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The wedding of Alexander Hamilton and Elizabeth Schuyler was the most notable private event of the Revolution. The immense social and political consequence of the Schuylers, and the romantic fame of the young aide, of whom the greatest things possible were expected, brought the aristocracy of New York and the Jersies to Albany despite the inclement winter weather.

The action of Long Island is but barely hinted at; and the operations at the White Plains wholly omitted: as are likewise the attack and loss of Fort Washington, with a garrison of about two thousand five hundred men, and the precipitate evacuation of Fort Lee, in consequence thereof; which losses were in a great measure the cause of the retreat through the Jersies to the Delaware, a distance of about ninety miles.

But how could old Hamish go down to the quay? He was in his own person skipper, head keeper, steward, butler, and general major-domo, and ought on such a day as this to have been in half a dozen places at once. From the earliest morning he had been hurrying hither and thither, in his impatience making use of much voluble Gaelic. He had seen the yacht's crew in their new jersies.

Were it not on this principle that we are able to account for it, it might be thought strange that old Livingston, of the Jersies, could be so hoodwinked as to give his sanction to such a diabolical scheme of tyranny amongst men—a constitution which may well be called hell-born. For if all the devils in Pandemonium had been employed about it, they could not have made a worse.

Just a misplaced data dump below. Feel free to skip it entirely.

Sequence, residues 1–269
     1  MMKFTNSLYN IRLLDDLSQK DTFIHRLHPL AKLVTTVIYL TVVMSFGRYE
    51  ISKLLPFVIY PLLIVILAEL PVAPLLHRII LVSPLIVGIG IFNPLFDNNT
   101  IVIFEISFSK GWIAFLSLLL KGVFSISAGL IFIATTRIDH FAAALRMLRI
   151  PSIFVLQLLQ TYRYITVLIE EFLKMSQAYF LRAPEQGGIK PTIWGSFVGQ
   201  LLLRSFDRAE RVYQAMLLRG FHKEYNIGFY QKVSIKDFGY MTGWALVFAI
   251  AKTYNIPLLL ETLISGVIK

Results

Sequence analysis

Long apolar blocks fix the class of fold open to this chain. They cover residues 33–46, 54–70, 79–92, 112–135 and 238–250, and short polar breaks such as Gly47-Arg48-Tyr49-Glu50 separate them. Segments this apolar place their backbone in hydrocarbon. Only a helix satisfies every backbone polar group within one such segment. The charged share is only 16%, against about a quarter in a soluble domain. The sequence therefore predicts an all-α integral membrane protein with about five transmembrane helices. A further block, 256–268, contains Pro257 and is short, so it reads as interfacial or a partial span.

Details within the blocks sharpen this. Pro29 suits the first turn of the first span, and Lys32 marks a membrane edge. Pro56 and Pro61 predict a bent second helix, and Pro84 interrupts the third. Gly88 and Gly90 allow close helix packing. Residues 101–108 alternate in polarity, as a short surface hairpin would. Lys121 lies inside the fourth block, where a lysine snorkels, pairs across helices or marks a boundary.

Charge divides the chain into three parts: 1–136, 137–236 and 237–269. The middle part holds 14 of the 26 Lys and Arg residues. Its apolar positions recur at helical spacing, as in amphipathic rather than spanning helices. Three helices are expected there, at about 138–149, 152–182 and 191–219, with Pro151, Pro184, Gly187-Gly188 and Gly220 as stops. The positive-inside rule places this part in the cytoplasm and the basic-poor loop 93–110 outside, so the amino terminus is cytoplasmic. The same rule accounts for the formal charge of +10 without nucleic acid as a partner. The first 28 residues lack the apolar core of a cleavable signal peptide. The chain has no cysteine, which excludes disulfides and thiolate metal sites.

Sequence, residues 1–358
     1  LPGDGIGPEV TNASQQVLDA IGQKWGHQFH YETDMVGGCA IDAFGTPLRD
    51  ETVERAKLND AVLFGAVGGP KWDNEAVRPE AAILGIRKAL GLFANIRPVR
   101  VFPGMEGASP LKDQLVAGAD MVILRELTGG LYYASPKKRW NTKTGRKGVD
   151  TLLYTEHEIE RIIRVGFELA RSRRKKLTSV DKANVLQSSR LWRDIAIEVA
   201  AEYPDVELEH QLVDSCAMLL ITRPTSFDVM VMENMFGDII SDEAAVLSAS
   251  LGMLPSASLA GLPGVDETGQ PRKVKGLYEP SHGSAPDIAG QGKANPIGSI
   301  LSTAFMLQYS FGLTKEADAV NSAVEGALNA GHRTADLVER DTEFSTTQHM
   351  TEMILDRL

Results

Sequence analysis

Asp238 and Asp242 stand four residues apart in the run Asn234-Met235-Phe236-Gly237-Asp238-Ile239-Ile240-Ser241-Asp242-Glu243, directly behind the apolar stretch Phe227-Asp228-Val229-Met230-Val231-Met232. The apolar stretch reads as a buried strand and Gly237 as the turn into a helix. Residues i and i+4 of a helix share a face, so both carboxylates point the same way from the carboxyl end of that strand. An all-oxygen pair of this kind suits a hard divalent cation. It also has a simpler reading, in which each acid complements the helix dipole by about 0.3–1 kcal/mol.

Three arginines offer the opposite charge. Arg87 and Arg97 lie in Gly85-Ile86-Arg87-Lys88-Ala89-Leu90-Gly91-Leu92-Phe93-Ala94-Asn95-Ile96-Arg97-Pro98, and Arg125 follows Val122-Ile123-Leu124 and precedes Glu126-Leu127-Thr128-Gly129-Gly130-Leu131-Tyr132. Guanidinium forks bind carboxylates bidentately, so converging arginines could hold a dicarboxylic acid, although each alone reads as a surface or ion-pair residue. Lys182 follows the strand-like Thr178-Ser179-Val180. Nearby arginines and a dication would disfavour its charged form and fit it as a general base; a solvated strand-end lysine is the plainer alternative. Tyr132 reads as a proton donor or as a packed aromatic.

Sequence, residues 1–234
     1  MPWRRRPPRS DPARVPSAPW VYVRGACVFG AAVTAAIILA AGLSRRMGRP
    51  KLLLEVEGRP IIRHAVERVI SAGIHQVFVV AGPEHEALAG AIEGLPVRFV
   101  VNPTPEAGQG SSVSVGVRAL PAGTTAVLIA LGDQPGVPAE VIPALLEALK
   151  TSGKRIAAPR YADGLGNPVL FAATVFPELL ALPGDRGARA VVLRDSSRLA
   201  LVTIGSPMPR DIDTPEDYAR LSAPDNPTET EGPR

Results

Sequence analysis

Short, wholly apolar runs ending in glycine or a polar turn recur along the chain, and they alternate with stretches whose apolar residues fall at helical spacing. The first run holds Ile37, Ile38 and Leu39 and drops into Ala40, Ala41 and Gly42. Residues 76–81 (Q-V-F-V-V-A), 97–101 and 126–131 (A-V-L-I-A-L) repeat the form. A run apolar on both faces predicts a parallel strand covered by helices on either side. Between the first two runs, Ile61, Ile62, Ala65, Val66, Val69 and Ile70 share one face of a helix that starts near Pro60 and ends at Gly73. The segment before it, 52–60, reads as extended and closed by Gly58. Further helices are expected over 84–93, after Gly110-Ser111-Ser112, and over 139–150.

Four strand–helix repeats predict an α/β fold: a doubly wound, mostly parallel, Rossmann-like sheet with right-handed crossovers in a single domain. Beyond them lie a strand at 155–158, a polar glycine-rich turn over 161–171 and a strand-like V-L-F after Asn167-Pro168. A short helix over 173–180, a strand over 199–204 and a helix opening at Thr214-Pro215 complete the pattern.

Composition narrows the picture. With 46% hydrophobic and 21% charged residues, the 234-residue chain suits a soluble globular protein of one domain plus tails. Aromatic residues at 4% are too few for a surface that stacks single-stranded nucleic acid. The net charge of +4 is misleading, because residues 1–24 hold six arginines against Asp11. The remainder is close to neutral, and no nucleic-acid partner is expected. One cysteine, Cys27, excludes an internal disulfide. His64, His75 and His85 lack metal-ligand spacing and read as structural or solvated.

Time had flown, and the bright sunlight streaming down into the ladies' cabin had made Margaret long for a breath of fresh air; so that when Lady Victoria appeared, in all sorts of jersies and blue garments, fresh and ready for anything, the two had made common cause and ventured up the companion without any manly assistance.

She would wear her blue-and-white checked gingham apron deftly twisted over one hip, and tucked in, in deference to the passers-by. And the town would go by Hen Cody's drays, rattling and thundering; the high school boys thudding down the road, dog-tired and sweaty in their football suits, or their track pants and jersies, on their way from the athletic field to the school shower baths; Mrs.

"Of all the great conquests which his Majesty's troops had made in the Jersies," writes Beatson, "Brunswick and Amboy were the only two places of any note which they retained; and however brilliant their successes had been in the beginning of the campaign, they reaped little advantage from them when the winter advanced, and the contiguity of so vigilant an enemy forced them to perform the severest duty."